Semantron 23 Summer 2023

Editor’s introduction

members of our family and the people we count as friends are imperfect, capable indeed of terrible things, yet we can still love them. There is a sort of moral calculus at work here. With friends and family, we normally like to think that the good outweighs the bad. Dederer, though I don’t think she wants to admit it, is arguing for a similar approach to artists, where the sublime of their art trumps the monstrosity of their behaviour. In the end, then, it appears that Dederer has not quite moved us onto new ground. That said, the book can stand as a welcome invitation to reflect further on this central problem of appreciation. 6 It is also worth noting that, as is so common, the ancient Greeks, in their concept of the hero, were already onto the tragic ambivalence I have been describing. Greek myth and tragedy is full of heroes whose extraordinary qualities of power, resilience and astonishing violence are used to defend and promote a civilization which then in turn finds it cannot accommodate those same qualities. For the Greeks, heroes were always a problem, as well as a solution. 7

It is worth noting that that the following essays were commended in various ways in various competitions, as follows:

• Daniel Kamaluddin ’s essay on Christianity and environmental ethics, and Alex Gerasimchuk’s on philosophy and the environment were awarded first and third places respectively in the inter-schools Erasmus essay competition; • Sujaan Singh Kochhar’s essay on promises in law wa s highly commended in the Peter Cane Legal Reasoning Prize run by Corpus Christi College, Oxford; • Wentao Liu’s essay on inequality saw awarded equal first prize in the inaugural Popper Prize for Year 10 students held at the College; • Calvin Dean’s essay on d esigning a space elevator was highly commended in the Aristotelian Award for Year 9 students organized by the Perse School, Cambridge.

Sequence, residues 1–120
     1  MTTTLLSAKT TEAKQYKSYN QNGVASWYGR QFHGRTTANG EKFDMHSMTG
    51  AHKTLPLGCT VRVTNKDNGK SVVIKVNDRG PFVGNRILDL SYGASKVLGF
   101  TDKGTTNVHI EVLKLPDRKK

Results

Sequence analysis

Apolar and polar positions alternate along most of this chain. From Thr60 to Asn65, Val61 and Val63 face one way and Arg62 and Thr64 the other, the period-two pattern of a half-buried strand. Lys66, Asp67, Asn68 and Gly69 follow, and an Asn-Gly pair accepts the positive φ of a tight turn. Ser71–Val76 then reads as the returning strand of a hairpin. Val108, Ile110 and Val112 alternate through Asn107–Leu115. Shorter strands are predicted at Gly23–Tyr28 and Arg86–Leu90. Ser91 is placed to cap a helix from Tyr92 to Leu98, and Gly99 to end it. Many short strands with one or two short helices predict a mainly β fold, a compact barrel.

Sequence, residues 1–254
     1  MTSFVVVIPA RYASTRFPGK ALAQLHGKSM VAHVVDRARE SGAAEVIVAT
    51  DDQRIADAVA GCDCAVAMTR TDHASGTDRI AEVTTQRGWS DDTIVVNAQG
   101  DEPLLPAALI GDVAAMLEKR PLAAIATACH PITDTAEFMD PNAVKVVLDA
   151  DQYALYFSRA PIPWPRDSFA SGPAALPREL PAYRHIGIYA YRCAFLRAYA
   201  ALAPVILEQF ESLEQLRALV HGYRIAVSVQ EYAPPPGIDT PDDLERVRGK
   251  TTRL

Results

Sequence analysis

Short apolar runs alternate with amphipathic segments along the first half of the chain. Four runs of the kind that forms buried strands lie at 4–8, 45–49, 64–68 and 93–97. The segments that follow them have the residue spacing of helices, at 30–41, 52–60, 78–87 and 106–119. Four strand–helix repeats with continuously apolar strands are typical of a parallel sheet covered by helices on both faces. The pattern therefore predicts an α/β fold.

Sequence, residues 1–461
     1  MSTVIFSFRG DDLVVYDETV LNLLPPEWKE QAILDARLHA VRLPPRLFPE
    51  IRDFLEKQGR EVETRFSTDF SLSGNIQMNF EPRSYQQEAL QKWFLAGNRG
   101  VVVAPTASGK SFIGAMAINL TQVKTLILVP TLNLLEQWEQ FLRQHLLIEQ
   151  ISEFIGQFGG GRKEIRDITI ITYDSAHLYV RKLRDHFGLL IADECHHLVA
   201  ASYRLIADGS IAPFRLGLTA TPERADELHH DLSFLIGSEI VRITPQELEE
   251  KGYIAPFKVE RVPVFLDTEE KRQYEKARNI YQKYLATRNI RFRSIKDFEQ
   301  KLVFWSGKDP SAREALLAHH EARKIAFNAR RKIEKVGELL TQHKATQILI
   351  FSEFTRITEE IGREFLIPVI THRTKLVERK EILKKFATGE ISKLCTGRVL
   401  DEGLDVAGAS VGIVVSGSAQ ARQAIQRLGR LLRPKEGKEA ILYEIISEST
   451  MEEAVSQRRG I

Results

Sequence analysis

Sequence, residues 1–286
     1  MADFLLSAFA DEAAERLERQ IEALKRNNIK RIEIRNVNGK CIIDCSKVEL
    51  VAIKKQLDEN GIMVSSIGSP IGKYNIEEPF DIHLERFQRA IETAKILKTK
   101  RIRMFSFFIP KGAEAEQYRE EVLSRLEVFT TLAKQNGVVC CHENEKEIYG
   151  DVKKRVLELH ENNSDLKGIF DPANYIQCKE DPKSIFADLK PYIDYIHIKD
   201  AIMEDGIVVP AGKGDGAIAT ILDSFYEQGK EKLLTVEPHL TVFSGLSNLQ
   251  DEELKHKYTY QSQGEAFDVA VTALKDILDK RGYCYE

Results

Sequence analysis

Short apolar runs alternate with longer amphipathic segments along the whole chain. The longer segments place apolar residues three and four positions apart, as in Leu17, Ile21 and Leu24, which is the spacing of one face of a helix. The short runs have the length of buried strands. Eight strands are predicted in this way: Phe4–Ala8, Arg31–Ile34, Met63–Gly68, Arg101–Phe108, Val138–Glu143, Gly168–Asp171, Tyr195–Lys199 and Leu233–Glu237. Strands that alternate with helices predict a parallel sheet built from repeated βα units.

I hope, dear reader, that you will be as impressed and I am by the range and sophistication of the essays contained in this volume of Semantron .


Barthes, R. (1977) Image, Music, Text . London Dederer, C. (2023) Monsters: a fan’s dilemma . Sceptre Eliot, T.S. (1932) Selected Essays . London Foucault, M. (1979) ‘What is an author?’, in Harari, J. ed. Textual Strategies . Ithaca Knox, B. (1964) The Heroic Temper . Cambridge Searle, J. (2005) Mind: a brief introduction . Oxford Vernant, J-P. & Vidal-Naquet, P. (1981) Tragedy and Myth in Ancient Greece. Harvester Wimsatt, W. & Beardsley, M. (1946) ‘The intentional fallacy’, The Sewanee Review 54.3: 468-88 Wimsatt, W. (1954) The Verbal Icon . Kentucky

6 I would argue that a lot of work also needs to be done on the notions of ‘intention’ and ‘intentionality’; on the latter, see, for instance, Searle 2005. 7 The formulation that the hero is a problem is Vernant’s (see Vernant & Vidal -Naquet 1981, ch. 1). A similar view of the Greek hero can be found in Knox 1964.


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